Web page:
The Christmas Express runs at the Kirby Family Farm
Not far from some of Florida’s most prestigious thoroughbred horse farms, northwest of Ocala and southwest of Gainesville, sits the small farming community of Williston. Scenic country roads meander alongside rural pastures and fields. At night, away from city lights, the vast Williston country sky glows with a full display of twinkling lights, at least until a thick December fog rolls in, ushering a quiet and surreal calm. But the stars are not the only twinkling lights you’ll see. Kirby Family Farms has a special treat for kids and families this holiday season.
The Kirby Family Farm is owned by Daryl and Tracy Kirby. Their 173-acre property is a working farm producing cotton, peanuts and sorghum (a plant that is often a base for a sweet molasses-like syrup).
But for the holidays, the Kirby family runs the Christmas Express. Visitors can jump aboard a lovingly restored 1880’s steam locomotive that tows up to five passenger cars jammed with giddy, happy children.
Yes, it’s true; in the middle of a vast Central Florida hayfield sits a real, privately owned railroad. Pulled by the bright red “Old #19” and festooned with lights, the train circles a large cleared field through displays of colorful Christmas lights. It’s a life sized version of a holiday Christmas train.
Is it a dream?
It’s actually quite real, but in a way it is a dream – one that came true for Daryl Kirby. As a child, Daryl had a troubled home life so he spent time with his grandfather who was a railroad engineer and farmer. As a boy he would trail behind grandpa, learning about trains, railroads, farming and life. As a child, he also dreamed he would someday run his own railroad.
Years later, Daryl Kirby discovered something interesting among overgrown underbrush and vines on property near his home. It was an historic authentic locomotive that was slowly rusting away and destined for salvage. With the help of his family, friends and many volunteers, he refurbished the engine, took on the labor of laying some tracks around his property, and fulfilled his childhood dream.
Tracy Kirby greets visitors to her farm
Building the railroad wasn’t easy, but it had become a passion, and ultimately a mission, and through hard work and perseverance, it became a reality. But for Daryl and his wife, a teacher committed to children and learning, just having their own unique, life-sized railroad was not enough. They wanted to share the fun and wonder of it all as a gift for many others, especially children. And what better to do that than to create a non-profit educational center.
Because Daryl Kirby’s childlike imagination helped him survive a tumultuous upbringing, and his backyard had been a place of solace, he was inspired to transform his farm into a larger playground with a mission “to grow, develop and inspire children and families with positive experiences.” And that is exactly what the Christmas Express does.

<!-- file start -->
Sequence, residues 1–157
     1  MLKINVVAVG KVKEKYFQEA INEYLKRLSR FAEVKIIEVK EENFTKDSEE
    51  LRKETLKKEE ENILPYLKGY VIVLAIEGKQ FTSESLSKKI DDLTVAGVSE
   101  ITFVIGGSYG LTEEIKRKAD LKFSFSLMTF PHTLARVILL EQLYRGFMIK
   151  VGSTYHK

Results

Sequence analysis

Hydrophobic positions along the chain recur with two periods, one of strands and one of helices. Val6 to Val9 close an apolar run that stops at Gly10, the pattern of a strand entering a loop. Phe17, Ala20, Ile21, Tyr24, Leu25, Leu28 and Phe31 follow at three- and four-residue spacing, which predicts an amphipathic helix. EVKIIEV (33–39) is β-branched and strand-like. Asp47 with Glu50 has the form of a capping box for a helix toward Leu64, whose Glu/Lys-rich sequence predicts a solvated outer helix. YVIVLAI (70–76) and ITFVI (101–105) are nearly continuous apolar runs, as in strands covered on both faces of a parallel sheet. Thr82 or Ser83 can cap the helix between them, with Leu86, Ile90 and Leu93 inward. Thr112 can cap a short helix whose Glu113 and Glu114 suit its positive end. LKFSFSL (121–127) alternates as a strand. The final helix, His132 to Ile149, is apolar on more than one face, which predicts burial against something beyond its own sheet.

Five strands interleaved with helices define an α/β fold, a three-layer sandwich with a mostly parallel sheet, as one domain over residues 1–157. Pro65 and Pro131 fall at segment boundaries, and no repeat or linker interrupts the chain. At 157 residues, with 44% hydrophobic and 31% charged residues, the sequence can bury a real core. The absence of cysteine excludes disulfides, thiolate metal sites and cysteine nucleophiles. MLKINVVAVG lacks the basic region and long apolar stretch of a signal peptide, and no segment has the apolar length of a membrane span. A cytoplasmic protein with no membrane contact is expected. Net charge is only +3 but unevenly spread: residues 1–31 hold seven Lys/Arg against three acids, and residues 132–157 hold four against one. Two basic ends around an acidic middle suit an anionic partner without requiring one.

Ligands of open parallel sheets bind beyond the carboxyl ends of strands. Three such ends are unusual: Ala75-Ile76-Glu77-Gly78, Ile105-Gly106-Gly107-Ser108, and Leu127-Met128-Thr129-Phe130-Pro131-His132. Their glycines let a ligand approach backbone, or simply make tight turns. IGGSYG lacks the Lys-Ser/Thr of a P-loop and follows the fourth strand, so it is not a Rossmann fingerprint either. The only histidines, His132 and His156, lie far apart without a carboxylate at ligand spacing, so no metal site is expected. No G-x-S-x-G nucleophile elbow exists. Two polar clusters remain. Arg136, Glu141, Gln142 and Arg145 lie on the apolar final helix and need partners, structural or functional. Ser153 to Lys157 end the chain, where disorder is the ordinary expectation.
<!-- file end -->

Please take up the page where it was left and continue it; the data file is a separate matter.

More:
When the whistle blows and the engine starts, visitors will be clickity-clacking into the night through a Florida pasture rimmed with Christmas lights. And it does feel like a dream – a wonderful Christmas dream.
A vintage #19 pulls the Christmas Express
The Christmas Express is the main attraction but there is much more to experience at the farm. In fact it has the feel of a church fair where people know one another, exchange warm greetings and celebrate the season. And since this is a field of dreams, no one gets lost and everyone has fun. As you pass through the front gate, and walk through a cornfield pathway, you’ll see the train on a nearby hillside lit with hundreds of tiny holiday lights.
Volunteers collect tickets, offer chili, hot chocolate and fudge. Not far away is a homemade, live nativity scene complete with human actors and animals plus Beau the donkey, Daisy the calf, May, June and Foggy, the sheep. The entire farm becomes a wonderland that is all about Christmas, kids and family. The Kirbys are Christians and they proclaim it proudly.
Kids dressed in pajamas decorate real Florida Christmas trees as generators power the lights. Even Santa shows up. A classic movie plays on a large outdoor screen and you’ll more than likely meet Daryl, Tracy and their five kids. Homemade candles are being made, and locals sell gifts of jams, jellies and wooden toys. Even the high school marching band plays on select nights adding to the festivities. And you’ll love this – the price is only $10.00, a real holiday bargain.
Word has spread about the Christmas Express and the Kirbys expect crowds of 25,000 over the holiday season, so you may want to book your tickets online now.
Whether or not you make it to this Florida hayfield to experience this fun, authentic experience for yourself, you can be assured that the Kirby Family’s Christmas Express is proof that dreams can, indeed, come true.
Note on Williston: While in the area you may want to consider staying awhile. It’s a charming small Florida town in a pastoral setting and home to many renowned horse farms, one of which was the birthplace of the 1975 Kentucky Derby winner, Foolish Pleasure. The community is also known for its quaint Central Florida Peanut Festival and as a cave diver’s destination for freshwater springs, the Blue Grotto and Devil’s Den.
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If You Go
Getting there: Williston is at the intersection of U.S. Highways 41 and 27. To get there from Florida’s east coast take the Turnpike to I-75 and then exit in Ocala at U.S. 27 North (Exit 354). The Kirby Family Farm is on the south side of town between those highways at 19630 NE 30th Street.